Above the French Quarter is Ansonborough, the peninsula's first neighborhood, although much of it was destroyed by a fire in 1838 and had to be rebuilt. Many of the houses have Greek-Revival characteristics and were built by some of Charleston's oldest family names, such as Joseph Legare and Edward McCrady.
History: The Ansonborough neighborhood of downtown Charleston, was named after Lord Anson of England. He had won the won the property in a poker game with Thomas Gadsden, a famous Charlestonian. The British had assigned Lord Anson was to Charleston in 1724 to protect the coast of South Carolina from pirates. An Admiral, Lord Anson was an exceptional sailor, as he was the third Englishman to circumnavigate the globe. On his many voyages he captured Spanish ships filled with treasures. The Ansonborough district stretches from King Street to the edge of the Cooper River, between Hasell and Calhoun streets. These farmlands were divided into a borough of 25 lots in 1746.
Today: As Charleston is a great walking city, the Ansonborough District is very convenient to many of the interesting area of Downtown Charleston. There are many restaurants and shops close by, and this borough is within a few blocks of the Charleston Harbor and Market St. The recently renovated Gaillard Auditorium borders the northern side. Many of the homes in Ansonborough are made of brick, built after a fire ravaged the original homes in 1838, with prices ranging from $550,000 to $2,500,000. There is also a good selection of condos on the Harbor, starting at $350,000 at Dockside, Laurens Place and Anson House.
A tiny corner in Ansonborough has recently received an outsized amount of attention due to a dramatic makeover. Theodora Park at the corner of George and Anson Streets was recently opened after a $540,000 renovation.
The upgrade turns what was once a dusty, little-used playground across from the back-side of the Gaillard Auditorium into an inviting, well-appointed pocket park befitting its location across from the new Gaillard Center performance hall. The park includes a Philip Simmons created iron gate and handmade fountain tiles from Maine ceramics artist Paul Heroux, who said he spent a year working on the project. The 370 tiles, which were individually designed, glazed, and painted by hand, will line the fountain that runs the length of the central seating area of the park. Heroux said he took inspiration for the shape of the overall fountain from boxwood hedges and abstracted lines seen in cracked ice formations for the geometric shapes that dominate the tiles.
An excerpt from the book Charleston Style, by Susan Sully (Link: https://www.amazon.com/Charleston-Style-Then-Susan-Sully/dp/0789308312/ref=asap_bc?ie=UTF8), with permission by Susan Sully:
East meets West
An Ansonborough Residence
Behind the discreet facade of this contemporary residence in Charleston's historic Ansonborough neighborhood, Eastern and Western influence conduct a delightful pas de deux both indoors and out. Upon entering through the gate, visitors find themselves within an astonishingly compressed Italian garden whose towering cypress trees grow higher than the width of the plot. The four green giants frame a narrow central axis to create an optical illusion of length that would have delighted Italian Renaissance garden tricksters. At the end of the axis, an abstract nude by contemporary sculpture from Maine invites comparison to ancient statuary. Boxwood hedges trained in perfect semicircles flank the allee, behind which a wall of time-worn stucco completes the illusion of European antiquity.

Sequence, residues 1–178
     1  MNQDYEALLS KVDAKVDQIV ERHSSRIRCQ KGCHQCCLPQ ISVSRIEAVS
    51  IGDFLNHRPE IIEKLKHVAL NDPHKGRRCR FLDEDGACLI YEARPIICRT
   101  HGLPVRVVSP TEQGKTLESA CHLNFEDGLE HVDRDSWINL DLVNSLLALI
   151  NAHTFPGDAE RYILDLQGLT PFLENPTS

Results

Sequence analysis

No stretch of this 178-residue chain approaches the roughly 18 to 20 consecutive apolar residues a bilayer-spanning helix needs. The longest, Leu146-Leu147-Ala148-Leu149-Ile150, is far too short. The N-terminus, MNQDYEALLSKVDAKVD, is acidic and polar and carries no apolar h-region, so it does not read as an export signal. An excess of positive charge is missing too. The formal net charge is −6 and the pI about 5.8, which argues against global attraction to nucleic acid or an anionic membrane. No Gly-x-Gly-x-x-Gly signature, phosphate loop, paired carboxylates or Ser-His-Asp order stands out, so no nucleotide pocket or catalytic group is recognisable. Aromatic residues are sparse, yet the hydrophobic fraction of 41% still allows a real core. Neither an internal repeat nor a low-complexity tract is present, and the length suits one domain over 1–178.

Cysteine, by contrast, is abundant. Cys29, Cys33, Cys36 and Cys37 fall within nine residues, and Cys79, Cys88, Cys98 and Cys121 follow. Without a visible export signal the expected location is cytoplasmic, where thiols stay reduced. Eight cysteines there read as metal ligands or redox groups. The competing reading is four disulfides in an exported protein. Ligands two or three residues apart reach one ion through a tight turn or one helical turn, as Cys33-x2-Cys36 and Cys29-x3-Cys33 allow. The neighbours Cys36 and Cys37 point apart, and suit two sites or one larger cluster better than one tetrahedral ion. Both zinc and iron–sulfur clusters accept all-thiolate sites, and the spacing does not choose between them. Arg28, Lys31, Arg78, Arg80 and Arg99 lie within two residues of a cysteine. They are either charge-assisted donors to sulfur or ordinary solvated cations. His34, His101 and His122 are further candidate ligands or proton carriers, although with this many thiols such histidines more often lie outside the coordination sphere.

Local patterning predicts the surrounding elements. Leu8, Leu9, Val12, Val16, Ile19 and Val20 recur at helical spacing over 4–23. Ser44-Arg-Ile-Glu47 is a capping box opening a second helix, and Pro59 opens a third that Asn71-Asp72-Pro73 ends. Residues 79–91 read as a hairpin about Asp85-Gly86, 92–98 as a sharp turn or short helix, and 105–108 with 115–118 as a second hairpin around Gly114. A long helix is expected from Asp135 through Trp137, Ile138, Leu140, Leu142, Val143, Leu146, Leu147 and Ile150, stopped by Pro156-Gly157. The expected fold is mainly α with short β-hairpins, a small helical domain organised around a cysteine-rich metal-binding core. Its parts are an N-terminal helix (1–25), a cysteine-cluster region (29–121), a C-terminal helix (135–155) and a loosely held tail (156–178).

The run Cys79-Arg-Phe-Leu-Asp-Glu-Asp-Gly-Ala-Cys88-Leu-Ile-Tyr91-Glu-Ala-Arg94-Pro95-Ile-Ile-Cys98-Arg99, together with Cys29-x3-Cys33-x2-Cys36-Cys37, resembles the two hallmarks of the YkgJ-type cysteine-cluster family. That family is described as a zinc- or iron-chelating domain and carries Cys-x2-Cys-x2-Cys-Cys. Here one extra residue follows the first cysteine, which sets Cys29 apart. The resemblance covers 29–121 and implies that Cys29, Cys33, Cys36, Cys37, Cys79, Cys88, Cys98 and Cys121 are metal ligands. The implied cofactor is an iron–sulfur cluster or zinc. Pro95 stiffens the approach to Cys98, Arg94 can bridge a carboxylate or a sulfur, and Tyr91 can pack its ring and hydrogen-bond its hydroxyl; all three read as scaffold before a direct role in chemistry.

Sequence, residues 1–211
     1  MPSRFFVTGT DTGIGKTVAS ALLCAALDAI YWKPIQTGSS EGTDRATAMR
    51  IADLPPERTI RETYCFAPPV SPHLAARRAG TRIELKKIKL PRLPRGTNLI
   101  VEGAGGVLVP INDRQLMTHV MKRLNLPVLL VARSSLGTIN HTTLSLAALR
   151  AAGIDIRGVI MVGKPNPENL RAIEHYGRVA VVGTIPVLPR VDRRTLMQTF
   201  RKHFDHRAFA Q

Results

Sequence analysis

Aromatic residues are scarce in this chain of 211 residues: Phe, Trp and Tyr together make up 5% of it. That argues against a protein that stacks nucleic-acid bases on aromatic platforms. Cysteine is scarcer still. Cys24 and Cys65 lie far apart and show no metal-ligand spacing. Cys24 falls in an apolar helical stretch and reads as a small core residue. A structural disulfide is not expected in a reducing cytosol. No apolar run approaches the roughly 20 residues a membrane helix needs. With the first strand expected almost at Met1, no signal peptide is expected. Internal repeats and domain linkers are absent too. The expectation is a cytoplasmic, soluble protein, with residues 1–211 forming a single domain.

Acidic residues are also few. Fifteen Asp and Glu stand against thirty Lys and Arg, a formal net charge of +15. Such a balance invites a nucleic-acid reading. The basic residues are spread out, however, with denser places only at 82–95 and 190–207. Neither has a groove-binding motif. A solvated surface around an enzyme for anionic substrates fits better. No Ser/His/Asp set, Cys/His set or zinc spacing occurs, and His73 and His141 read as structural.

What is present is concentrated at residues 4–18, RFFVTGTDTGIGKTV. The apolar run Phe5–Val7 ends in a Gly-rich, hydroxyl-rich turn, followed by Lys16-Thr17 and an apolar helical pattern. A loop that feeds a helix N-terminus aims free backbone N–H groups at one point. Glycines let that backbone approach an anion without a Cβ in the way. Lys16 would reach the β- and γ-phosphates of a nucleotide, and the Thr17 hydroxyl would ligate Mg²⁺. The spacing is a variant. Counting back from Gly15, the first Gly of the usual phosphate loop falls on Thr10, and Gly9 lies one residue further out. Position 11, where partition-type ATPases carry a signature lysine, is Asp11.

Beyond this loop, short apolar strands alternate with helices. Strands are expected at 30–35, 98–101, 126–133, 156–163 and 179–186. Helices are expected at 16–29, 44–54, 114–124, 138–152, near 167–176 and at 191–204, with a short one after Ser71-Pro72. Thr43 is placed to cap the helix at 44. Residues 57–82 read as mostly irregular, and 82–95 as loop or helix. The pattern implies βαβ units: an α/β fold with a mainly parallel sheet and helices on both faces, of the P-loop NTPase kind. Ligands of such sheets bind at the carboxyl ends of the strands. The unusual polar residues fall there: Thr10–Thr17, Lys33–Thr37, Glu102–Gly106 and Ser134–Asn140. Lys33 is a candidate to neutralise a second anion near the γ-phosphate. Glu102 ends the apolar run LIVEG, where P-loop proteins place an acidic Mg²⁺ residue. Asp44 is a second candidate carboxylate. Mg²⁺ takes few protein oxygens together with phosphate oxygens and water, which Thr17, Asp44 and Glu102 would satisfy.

A small gate in a corner of the garden leads visitors into another timeless place. Beneath a canopy of leafy trees, a perfect Japanese garden unfolds with gently undulating contours. A small arched bridge connects a path around the perimeter of the walled garden within which winds a frozen stream of stones. Designed in Kyoto, the garden contains elements of traditional Japanese gardens to create a microcosm of spirit and matter. Framed by indigenous trees, the garden combines both local and imported plant material and Japanese artifacts to create a lushly exotic retreat.
The house itself is designed to take full advantage of the garden setting. Large picture windows in ground-floor rooms and balconies above frame views of both the Italian and Japanese gardens. The furnishings within these rooms reflect the gardens dual influences. A low Chinese table and silk cushions form a sitting area in front of the window opening onto the Japanese garden. An antique Chinese robe hangs above a simple English sideboard flanked with Chinese vases. A painted banner found by the resident's grandfather at the Imperial Palace in Beijing ornaments the opposite wall.
The large room's minimal geometry invites the placement of a series of seating arrangements laid out with eclectic flair. On either side of the oversized marble mantel stand two couches adorned by pillows covered with Indian mirrored textiles. Two antique Chinese parrots stand on the mantel beneath a large figurative painting by Boston artist Jennie Summerall, whose field of bright color and pattern complement the Asian textiles in the room. Khilim rugs cover the floor, and a large Noguchi lamp glows organically from the corner of the room.